If you bought Theresa Gattung’s Bird on a Wire to get a better understanding of Telecom’s immediate past while she was the CEO, you’ll be sorely disappointed. The book skips over several important events in the company’s history and readers are left none the wiser as to why they unfolded the way they did.
Starting as Telecom’s general manager for marketing in the wake of privatisation, Gattung “knew nothing” about telecommunications, whereas the then CEO Rod Deane knew “lots”. That was in 1994, but luckily Gattung had another five years to learn and embrace the business before stepping into the CEO role for Telecom.
The marketing and advertising field seems to be Gattung’s first love, and the book talks about it in some detail, interspersed with lots about Kevin Roberts (now a Telecom board member) and Saatchi and Saatchi.
What of the important telco decisions though? While she recognised early on that mobile is hugely important, readers aren’t told why she and Telecom backed the wrong technological horse — CDMA and EV-DO — in the race against BellSouth and later, Vodafone.
According to Gattung, she “understood from Roderick [Deane] that the government had required Telecom to sell its licence due to the view that it wouldn’t be good for competition for the two main players to be on the same technology.”
It was actually the other way round: Telecom had radio frequency spectrums that could’ve been used for GSM as early as 1990. The telco wanted more spectrum for the existing AMPS and DAMPS service and went as far as the High Court and the Court of Appeal to obtain this, while doing a deal with the Commerce Commission that it would give up its GSM-suitable frequencies if it got it.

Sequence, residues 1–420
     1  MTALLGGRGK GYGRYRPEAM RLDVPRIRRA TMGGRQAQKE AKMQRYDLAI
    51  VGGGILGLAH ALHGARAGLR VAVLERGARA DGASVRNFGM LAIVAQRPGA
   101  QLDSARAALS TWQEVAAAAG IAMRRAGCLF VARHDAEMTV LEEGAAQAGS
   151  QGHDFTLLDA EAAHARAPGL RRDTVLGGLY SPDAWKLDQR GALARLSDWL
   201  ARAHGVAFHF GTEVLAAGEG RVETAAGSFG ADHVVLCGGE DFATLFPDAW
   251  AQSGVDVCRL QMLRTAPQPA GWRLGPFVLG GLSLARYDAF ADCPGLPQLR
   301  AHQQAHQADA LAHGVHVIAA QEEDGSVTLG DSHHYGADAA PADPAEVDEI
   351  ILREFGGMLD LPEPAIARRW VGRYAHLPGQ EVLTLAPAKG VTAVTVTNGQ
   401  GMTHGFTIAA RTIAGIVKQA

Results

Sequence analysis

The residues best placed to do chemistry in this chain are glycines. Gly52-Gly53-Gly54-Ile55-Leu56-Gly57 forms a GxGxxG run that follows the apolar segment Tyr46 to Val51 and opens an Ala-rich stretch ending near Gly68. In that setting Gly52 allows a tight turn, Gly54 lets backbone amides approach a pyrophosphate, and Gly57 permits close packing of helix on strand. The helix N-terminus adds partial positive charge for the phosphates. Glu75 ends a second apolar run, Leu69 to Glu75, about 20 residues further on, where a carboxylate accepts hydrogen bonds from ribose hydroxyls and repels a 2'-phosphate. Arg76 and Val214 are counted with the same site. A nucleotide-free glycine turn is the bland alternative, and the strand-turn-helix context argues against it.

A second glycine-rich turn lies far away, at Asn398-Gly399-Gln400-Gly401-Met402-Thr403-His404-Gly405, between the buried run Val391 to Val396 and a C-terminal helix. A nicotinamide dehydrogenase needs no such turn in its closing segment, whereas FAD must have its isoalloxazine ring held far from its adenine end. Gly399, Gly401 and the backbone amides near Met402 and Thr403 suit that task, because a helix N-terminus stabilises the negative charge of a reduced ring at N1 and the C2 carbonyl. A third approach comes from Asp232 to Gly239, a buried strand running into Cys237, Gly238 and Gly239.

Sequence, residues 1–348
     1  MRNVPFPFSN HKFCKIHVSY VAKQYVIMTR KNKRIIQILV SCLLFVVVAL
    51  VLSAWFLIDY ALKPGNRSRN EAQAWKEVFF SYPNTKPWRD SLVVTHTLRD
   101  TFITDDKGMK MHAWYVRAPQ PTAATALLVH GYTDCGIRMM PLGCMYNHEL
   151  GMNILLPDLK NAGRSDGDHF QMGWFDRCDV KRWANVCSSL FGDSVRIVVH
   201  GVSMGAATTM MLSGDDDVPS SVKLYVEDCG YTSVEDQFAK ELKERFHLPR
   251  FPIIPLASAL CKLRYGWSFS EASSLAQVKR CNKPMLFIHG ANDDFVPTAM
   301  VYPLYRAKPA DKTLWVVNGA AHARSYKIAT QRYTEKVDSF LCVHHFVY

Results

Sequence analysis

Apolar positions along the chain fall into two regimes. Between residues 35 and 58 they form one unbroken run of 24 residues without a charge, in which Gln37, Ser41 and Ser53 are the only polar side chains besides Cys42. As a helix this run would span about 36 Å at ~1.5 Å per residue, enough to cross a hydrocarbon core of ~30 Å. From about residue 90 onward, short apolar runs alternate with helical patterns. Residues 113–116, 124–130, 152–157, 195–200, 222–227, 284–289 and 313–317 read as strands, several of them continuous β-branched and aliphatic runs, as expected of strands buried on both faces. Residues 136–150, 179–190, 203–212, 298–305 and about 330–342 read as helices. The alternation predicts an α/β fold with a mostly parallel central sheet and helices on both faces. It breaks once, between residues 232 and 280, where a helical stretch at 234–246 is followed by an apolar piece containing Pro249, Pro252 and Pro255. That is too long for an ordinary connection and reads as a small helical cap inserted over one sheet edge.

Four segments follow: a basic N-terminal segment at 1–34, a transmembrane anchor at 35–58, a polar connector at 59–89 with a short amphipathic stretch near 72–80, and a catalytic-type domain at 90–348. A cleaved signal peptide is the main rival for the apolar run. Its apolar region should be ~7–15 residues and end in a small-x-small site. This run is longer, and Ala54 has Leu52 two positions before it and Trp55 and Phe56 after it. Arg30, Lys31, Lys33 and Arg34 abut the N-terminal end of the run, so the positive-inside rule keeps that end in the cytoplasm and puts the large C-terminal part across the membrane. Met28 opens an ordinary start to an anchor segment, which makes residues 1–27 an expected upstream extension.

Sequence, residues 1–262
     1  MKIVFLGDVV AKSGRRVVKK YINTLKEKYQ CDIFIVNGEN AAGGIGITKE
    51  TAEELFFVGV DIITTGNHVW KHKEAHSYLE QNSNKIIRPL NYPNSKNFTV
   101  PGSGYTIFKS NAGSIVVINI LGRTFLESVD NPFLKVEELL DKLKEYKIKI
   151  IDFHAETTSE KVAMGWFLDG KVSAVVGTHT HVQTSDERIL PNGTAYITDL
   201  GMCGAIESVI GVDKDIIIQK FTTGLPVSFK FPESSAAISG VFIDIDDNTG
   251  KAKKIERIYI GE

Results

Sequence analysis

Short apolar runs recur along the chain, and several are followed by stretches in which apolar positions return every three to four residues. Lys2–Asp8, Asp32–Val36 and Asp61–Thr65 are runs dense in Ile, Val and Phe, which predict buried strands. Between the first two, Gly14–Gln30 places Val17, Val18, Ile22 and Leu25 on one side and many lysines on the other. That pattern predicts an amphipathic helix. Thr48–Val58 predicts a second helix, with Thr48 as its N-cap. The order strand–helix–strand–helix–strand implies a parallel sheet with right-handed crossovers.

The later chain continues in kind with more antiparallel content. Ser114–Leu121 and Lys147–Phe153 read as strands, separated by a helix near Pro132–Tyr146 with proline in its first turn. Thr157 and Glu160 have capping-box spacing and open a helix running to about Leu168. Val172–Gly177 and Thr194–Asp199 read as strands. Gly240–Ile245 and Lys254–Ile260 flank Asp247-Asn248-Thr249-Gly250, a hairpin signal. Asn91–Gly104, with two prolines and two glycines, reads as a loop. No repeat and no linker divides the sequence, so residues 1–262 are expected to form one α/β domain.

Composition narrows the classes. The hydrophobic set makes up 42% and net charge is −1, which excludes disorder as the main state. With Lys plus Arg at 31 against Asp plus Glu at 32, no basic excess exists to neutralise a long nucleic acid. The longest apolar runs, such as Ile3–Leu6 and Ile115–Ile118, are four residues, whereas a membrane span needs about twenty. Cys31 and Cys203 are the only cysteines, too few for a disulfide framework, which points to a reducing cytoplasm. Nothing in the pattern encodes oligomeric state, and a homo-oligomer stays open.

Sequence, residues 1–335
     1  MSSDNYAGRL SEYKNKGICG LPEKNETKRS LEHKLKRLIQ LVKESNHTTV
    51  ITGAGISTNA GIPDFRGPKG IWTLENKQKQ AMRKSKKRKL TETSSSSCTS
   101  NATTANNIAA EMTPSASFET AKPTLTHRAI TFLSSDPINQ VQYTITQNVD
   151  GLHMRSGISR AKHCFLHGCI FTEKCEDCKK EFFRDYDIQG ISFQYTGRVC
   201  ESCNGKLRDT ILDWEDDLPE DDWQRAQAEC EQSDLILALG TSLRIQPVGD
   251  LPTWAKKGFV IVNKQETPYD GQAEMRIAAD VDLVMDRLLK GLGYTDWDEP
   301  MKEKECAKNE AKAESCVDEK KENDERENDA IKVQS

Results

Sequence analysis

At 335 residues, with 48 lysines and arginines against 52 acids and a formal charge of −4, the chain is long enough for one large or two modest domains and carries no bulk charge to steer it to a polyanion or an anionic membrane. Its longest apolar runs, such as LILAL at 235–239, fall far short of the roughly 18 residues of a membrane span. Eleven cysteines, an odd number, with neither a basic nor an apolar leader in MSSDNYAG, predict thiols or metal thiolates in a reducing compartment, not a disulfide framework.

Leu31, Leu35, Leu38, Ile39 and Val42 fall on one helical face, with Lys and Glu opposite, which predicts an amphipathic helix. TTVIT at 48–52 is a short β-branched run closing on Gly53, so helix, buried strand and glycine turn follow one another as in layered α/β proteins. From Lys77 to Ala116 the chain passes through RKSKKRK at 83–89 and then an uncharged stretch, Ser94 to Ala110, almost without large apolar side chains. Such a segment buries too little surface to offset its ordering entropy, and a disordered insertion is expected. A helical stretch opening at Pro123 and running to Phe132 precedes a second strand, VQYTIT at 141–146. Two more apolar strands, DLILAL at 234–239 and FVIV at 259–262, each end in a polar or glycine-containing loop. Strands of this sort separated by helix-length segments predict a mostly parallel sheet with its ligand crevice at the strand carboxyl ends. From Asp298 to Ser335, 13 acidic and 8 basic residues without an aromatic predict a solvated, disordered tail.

The government didn’t force Telecom to give up its GSM spectrum in other words. What’s more, even when the telco voluntarily returned the management rights to the frequencies it had others that could be used for GSM.
What seems to have tipped the scales was the fact that Telstra in Australia used CDMA and Telecom wanted roaming ability for there. In 2001, Telecom’s CDMA network was launched, but the decision to do so is all the more curious as Gattung and her executives did a deal with Hutchison in Australia that year, “selling us [Telecom] their 3G (third-generation, essentially mobile broadband) mobile phone licence and spectrum in Australia.”
Telecom took a 19.9 percent share in Hutchison 3G Australia for A$250 million with another A$150 million of additional equity committed; Hutchison in turn took a 19.9 percent “option to subscribe” of Telecom 3G New Zealand, with A$600 million equity commitment. In total, A$1 billion of cash was committed by the two in building Hutchison 3G; of this, A$400 million came from Telecom.
Hutchison launched a 3G UMTS network in 2003 in Australia, in the 2100MHz spectrum and to this day, Telecom still owns ten percent of the Australian company that has since merged with Vodafone Australia.